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Consider the binary linear $(13, 64, 5)$-code $C_3$, or a $[13, 6, 5]$-code.

Then, let $M$ be the generator matrix for $C_3$, such that we can rearrange the coordinate positions of the words in $C_3$ so that $M$ is in the form:

$$\left[\begin{array} {ccccc|cccccccc} 1&1&1&1&1&0&0&0&0&0&0&0&0 \\ &&G_1 &&&&&&&G_2 \\ \end{array}\right]$$

I have to show that $G_2$ is the generator matrix for a linear $[8, 5, 3]$ code. It is clear that if $G_2$ is a generator matrix, then the length of the code is $n=8$ and that the dimension is $k=6-1=5$. It is also clear that if $G_2$ is a generator for this code, then the code is linear by definition.

However, how do I show that $G_2$ is in fact a generator matrix? I was thinking of using the fact that a generator matrix has linearly independent rows. But just because $M$ has linearly indepenedet rows does not mean that $G_2$ does as well. So I am not sure why we can say that $G_2$ is a generator matrix.

I am also stuck on showing that the minimum distance would be $3$. I was thinking of using that the code $C_3$ has minimum distance $5$, but I am not sure how.

Any help is appreciated, thank you!

Edit: $C_3$ is obtained by assuming that there exists a linear $(16, 256, 6)$ code for contradiction, then removing the last digit to get a linear $(15, 256, 5)$ code, then cross section $x_1=0$ to get a linear $(14, 128, 4)$ code, and then cross section $x_1=0$ again to get $C_3$, a linear $(13, 64, 5)$ code.

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From your details, your code is binary (you should mention that).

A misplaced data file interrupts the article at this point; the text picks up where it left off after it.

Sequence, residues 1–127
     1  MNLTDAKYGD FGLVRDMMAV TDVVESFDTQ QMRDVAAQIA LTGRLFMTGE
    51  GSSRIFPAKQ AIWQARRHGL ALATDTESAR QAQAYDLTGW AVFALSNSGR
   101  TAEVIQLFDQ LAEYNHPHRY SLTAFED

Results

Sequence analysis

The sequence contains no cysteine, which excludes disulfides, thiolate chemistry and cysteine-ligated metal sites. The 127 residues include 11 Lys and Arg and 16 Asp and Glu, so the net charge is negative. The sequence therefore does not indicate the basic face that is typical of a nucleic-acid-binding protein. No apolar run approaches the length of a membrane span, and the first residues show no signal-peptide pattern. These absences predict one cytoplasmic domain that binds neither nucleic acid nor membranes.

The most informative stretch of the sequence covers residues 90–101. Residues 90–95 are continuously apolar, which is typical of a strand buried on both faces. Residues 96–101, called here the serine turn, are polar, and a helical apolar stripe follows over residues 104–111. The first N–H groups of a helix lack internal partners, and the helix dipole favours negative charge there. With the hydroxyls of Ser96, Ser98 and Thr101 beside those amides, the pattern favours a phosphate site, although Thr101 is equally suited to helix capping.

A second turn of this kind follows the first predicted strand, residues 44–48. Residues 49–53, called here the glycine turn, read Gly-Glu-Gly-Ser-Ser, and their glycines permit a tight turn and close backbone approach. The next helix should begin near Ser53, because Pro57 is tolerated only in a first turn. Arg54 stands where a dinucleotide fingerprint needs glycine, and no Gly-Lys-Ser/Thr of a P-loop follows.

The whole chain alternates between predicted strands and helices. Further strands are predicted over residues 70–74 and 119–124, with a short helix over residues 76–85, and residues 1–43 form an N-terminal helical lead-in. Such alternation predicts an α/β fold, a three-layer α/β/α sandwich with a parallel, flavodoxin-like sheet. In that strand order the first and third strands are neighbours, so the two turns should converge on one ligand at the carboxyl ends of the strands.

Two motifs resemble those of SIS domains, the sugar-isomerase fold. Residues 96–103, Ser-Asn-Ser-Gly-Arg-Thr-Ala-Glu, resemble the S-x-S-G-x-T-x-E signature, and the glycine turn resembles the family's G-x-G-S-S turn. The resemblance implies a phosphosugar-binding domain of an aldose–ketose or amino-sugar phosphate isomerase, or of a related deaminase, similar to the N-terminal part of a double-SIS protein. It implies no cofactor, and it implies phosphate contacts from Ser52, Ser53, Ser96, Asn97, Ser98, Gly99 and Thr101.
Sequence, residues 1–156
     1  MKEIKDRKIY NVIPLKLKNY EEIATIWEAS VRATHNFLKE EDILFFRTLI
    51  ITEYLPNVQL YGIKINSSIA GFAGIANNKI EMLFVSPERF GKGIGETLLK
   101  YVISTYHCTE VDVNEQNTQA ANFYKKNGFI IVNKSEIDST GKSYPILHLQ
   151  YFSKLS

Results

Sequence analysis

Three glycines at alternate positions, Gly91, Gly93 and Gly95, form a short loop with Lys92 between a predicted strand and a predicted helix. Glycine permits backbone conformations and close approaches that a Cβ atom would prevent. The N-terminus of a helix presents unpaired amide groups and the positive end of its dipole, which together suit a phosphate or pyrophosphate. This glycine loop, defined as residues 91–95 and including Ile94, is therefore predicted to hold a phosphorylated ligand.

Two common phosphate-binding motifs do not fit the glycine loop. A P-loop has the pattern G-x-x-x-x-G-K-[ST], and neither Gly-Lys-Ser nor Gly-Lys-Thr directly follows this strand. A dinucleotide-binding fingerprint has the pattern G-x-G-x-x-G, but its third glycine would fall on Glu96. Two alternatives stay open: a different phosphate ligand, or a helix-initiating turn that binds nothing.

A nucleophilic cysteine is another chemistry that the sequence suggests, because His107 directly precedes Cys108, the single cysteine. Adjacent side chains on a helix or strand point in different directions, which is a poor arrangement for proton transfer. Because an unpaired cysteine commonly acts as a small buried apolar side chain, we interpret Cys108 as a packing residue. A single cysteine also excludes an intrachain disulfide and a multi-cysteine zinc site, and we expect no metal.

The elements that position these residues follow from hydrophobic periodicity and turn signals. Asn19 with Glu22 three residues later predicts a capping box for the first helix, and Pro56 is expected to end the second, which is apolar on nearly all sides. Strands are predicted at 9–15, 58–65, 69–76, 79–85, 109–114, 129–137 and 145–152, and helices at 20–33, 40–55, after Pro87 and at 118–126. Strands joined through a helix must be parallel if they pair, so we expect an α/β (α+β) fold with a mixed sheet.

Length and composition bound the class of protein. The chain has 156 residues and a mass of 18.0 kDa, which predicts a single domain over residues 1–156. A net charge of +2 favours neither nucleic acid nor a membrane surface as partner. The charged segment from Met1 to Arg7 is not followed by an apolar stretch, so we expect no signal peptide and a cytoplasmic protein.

You always have that $G_{2}$ generates some code (its row space). To show that it is a generator matrix for that code, you need to show that it has full row rank.

You know that $\begin{bmatrix} G_{1} & G_{2} \end{bmatrix}$ has full row rank 5. To show that $G_{2}$ also has full row rank, consider starting with $M$ in standard form, that is $M = \begin{bmatrix} I_{6} & A \end{bmatrix}$. When you reorder the columns to put $M$ into the form you have given, what happened to the other 5 pivots that made up the $I_{6}$?

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In fact, using Hamming bound, we know $A_2(8,3) \le \frac{2^8}{1+8} <2^5$, so there is no $[8,5,3]$ binary code. Consequently, there is no point discussing the generator matrix of a non-existent code.

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    $\begingroup$ Of course there is a point. If you show that $G_{2}$ is the generator matrix for a binary $[8,5,3]$ code, then the nonexistence of an $[8,5,3]$ code gives you the nonexistence of a binary $[13,6,5]$ code (which is not ruled out by the Hamming bound). $\endgroup$ May 15, 2018 at 4:36

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